updated 02:00 am EST, Sun January 29, 2012
State capital will buy 1,400 iPads in 2012
School districts in Madison, Wisconsin will be getting a total of 1,400 iPads this year, all of them paid for by Microsoft, reports the Wisconsin State Journal. The state will use a portion of the nearly $80 million it will receive from the tech giant to buy 600 iPads this spring and 800 more in the fall. The money comes from a decade-old settlement of a lawsuit Wisconsin and 18 other states filed, alleging Microsoft routinely overcharged for software.
The class-action cases were related to the well-known 1998 Department of Justice lawsuit against Microsoft for abuse of monopoly power, successfully charging the company with using its market position to harm competition through its efforts to destroy or undermine Netscape and other technologies. A total of 19 states filed suit, and 17 of the states eventually reached a settlement (Wisconsin got a total of $224 million, but most of it went directly to residents rather than to the state). The first set of iPads will be in place in 20 elementary schools, 10 middle schools and three high schools by mid-march.
Only about $700,000 of the $3.4 million that is Madison's share of the settlement money -- which works out to about $85 per student -- will be spent on iPads. Schools are allowed to purchase other kinds of technology, including laptops, projectors, smart boards and upgrades for existing equipment. After educational discounts, the iPads will cost the districts about $479 each. One school is planning to buy 105 iPads in a pilot program that will allocate one for each student in four classrooms, while other schools are buying just a few, primarily to help teachers with planning and record-keeping.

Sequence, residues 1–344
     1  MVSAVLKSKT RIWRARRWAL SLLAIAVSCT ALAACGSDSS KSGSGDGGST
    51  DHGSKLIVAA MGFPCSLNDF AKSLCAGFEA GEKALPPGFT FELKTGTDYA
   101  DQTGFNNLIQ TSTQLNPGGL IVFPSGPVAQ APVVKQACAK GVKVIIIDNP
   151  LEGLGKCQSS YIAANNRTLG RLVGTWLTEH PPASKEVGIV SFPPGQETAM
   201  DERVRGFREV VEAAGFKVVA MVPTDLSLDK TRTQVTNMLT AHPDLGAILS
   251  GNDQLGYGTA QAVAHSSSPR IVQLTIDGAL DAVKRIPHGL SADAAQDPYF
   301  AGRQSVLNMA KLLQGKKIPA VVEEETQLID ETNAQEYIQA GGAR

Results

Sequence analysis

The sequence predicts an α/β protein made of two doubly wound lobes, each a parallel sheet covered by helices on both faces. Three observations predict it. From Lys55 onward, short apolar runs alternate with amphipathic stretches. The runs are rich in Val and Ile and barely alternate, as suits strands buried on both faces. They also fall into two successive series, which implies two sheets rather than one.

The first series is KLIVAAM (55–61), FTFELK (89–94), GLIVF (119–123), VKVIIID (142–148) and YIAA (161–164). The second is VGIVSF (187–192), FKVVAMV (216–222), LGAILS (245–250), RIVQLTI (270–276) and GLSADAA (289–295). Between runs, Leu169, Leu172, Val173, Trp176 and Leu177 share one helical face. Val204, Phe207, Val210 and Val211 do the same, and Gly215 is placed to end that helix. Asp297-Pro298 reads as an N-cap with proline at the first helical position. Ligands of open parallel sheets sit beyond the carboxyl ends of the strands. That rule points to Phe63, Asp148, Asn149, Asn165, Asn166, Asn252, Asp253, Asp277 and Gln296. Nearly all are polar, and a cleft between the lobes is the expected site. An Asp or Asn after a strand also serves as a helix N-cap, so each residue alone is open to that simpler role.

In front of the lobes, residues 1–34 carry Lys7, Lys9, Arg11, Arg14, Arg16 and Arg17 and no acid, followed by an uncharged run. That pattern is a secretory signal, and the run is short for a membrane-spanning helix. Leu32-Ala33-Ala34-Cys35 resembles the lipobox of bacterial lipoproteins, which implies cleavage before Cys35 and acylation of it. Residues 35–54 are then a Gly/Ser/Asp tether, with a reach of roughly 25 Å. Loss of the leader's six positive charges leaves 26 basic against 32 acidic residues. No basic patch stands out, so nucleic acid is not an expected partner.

Tablets like the iPad are cheaper, more portable and easier to use, said district Director of Technical Services Bill Smojver. He also noted that Apple's recent announcements about textbooks being made available at lower costs through the iBooks application "a significant development." Deputy Superintendent Sue Abplanalp said Madison administrators were impressed with a recent pilot program in Chicago public schools that found that students are much more engaged in classrooms that use tablets. "We're very open to what technology is going to bring us next," she said.
The paper also noted that State Superintendent Tony Evers will be releasing a "statewide digital learning plan" that outlines how the state expects to deploy technology across all school districts in Wisconsin. An independent education consultant said her company had already worked with over 50 districts around the state to implement iPad-based teaching efforts. [via Wisconsin State Journal]